9/13 Hose, Ladders, Tools Aloft
Written by Cadet Burke
We started off our day staging our gear bright and early at 0630 hours. Boots, trousers, coats and SCBA’s lined up and looking prestige as we awaited for PT (physical training) to begin. Our PT that day consisted of a circuit and mile run. Once we finished we split into our companies and began setting up the four stations for the day. The stations were forward hose lay, reverse hose lay, tools aloft, and ladders. After quickly preparing the stations we went to hygiene and grabbed a quick snack to keep us going throughout the first part of our day.
At 0900 hours we began our first two rotations. Since it was our second day doing forward and reverse hose lays we became much quicker and got through more repetitions than the day before. We really started to understand the different jobs of each member on the engine and how to properly execute our mission of getting water to the fire. Upon completing our first two rotations it was time for lunch. All companies reported back to staging and awaited to be dismissed. Our lunch began at 1200 hours and at 1300 hours we were back to our stations eager to learn what our new station had in store for us. Tools aloft consisted on tying a variety of different knots onto tools and hoisting them up a building. The four main knots we used to hoist the tools were a clove hitch, half hitch, inline bowline, and a figure eight on a bight. We were taught how and where to tie these knots on chainsaws, rubbish hooks, pike poles, axes, ladders, charged hose lines and uncharged hose lines. Over at ladder land there were 24-foot extension ladders and 14-foot roof ladders waiting for our arrival. We practiced where to place the ladder when performing different functions such as roof access, ventilation, and rescue. After we got more comfortable with the placement of the ladders we had a TOC (tournament of champions) where everyone goes head to head to see who can correctly throw a ladder the quickest and most effectively.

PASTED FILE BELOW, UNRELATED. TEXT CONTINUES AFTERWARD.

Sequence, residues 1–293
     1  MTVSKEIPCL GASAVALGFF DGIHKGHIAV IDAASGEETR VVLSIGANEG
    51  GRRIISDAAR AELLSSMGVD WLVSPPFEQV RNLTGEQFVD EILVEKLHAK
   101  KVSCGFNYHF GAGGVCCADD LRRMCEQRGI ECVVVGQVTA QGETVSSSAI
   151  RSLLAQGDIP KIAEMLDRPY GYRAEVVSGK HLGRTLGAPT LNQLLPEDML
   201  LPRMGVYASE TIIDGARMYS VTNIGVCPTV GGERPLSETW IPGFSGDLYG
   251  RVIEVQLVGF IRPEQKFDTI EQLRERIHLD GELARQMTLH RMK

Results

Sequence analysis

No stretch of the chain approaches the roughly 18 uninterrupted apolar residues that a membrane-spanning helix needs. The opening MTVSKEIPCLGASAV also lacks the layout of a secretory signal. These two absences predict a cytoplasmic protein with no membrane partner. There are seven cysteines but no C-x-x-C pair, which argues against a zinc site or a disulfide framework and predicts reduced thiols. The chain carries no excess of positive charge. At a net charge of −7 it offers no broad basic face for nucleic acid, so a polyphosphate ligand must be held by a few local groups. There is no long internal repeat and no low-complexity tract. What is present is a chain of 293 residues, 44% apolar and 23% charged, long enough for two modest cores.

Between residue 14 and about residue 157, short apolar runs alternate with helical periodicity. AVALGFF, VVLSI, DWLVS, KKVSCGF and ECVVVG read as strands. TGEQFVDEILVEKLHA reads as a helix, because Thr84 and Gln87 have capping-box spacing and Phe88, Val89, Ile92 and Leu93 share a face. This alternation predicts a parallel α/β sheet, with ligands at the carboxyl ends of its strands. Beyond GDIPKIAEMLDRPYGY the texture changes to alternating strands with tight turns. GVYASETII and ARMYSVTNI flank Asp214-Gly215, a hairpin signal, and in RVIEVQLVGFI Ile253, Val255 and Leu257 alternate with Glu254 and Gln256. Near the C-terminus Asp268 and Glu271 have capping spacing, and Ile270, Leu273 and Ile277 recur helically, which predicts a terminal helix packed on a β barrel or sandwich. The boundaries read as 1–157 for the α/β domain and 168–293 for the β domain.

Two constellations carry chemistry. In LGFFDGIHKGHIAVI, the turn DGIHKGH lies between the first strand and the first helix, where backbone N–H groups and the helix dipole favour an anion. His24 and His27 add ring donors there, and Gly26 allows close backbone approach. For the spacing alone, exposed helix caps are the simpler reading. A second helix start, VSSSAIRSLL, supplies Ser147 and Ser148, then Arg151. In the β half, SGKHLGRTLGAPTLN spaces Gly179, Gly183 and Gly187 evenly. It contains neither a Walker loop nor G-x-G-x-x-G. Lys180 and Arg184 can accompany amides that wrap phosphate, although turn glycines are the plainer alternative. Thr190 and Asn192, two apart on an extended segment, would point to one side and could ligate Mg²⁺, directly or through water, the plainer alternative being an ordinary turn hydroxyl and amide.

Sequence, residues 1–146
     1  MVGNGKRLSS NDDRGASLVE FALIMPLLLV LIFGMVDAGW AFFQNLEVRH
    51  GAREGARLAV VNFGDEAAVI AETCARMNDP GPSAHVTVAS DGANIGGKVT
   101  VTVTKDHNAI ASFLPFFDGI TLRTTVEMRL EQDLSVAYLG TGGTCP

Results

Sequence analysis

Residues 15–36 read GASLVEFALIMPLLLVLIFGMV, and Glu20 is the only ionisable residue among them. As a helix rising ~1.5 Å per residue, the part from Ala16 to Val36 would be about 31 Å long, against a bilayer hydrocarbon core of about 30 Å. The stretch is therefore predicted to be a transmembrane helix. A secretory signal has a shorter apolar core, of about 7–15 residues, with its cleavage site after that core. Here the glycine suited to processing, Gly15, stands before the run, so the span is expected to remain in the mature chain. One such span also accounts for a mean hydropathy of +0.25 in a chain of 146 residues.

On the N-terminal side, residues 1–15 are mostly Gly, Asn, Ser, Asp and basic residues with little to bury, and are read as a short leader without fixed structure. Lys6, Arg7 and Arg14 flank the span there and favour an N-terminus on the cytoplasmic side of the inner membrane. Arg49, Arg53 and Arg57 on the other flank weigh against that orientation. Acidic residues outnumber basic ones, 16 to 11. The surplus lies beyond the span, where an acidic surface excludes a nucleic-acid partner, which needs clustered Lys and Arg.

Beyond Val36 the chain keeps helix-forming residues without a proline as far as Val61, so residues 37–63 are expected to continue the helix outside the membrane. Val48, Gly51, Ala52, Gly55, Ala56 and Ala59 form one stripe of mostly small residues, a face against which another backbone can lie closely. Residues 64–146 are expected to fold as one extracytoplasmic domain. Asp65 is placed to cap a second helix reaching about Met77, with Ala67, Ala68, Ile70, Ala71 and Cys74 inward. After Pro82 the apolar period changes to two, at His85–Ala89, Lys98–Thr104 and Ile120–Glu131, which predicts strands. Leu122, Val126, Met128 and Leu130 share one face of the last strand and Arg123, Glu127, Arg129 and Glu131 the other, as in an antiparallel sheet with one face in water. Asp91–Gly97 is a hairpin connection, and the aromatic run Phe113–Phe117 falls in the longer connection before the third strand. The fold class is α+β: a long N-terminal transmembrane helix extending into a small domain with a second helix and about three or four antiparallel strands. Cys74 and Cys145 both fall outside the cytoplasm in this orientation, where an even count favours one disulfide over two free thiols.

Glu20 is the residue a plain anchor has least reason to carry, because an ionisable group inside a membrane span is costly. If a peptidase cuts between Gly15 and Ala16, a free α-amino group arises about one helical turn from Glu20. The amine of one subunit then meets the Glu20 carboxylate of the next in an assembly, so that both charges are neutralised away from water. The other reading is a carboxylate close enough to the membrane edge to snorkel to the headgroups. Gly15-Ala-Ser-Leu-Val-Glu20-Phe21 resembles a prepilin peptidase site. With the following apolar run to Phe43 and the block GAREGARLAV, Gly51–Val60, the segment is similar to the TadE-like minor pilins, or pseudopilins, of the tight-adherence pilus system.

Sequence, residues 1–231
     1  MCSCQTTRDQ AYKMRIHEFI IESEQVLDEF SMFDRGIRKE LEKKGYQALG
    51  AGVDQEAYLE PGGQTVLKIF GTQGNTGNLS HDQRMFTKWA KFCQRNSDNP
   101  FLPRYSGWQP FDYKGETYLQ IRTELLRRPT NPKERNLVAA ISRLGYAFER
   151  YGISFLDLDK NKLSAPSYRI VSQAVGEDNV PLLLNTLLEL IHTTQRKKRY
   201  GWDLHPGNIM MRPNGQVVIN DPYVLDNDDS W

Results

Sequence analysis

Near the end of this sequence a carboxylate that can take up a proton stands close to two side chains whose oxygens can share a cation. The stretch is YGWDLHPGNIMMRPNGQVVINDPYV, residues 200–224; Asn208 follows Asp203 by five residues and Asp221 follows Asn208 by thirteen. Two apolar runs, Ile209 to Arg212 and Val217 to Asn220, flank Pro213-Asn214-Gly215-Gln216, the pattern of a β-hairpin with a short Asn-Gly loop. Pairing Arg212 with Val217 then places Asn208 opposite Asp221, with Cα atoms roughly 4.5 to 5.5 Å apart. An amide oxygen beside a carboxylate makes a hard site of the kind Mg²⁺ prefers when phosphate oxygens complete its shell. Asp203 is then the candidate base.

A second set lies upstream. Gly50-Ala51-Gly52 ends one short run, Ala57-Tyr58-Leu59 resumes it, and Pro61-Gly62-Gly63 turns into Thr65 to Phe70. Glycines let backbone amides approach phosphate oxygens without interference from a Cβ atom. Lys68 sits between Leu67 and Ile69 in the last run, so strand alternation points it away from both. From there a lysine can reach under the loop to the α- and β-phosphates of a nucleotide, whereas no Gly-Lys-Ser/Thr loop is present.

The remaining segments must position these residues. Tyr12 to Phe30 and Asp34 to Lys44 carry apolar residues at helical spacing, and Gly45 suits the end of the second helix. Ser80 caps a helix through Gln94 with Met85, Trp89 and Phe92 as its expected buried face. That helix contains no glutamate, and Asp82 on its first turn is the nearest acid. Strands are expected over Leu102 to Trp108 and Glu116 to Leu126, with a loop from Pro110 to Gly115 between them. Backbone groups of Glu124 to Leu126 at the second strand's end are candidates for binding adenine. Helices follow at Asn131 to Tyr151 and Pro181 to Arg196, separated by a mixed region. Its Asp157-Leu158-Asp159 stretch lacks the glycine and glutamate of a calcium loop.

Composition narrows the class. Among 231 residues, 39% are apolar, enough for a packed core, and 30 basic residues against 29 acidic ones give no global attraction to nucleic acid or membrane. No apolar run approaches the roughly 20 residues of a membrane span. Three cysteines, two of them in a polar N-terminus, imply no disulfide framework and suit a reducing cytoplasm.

As soon as we knew it the day had come to an end when the companies were notified to clean their stations and report back to staging. Tools were put away, hose was loaded onto the beds of the engines, and PPE (personal protective equipment) was placed away in the bunkers. We completed our day with a brief over view on how the stations went and what was to come the following week. Our Battalion officer dismissed us and we were on our way to enjoy our weekend.
Burke, Delta 1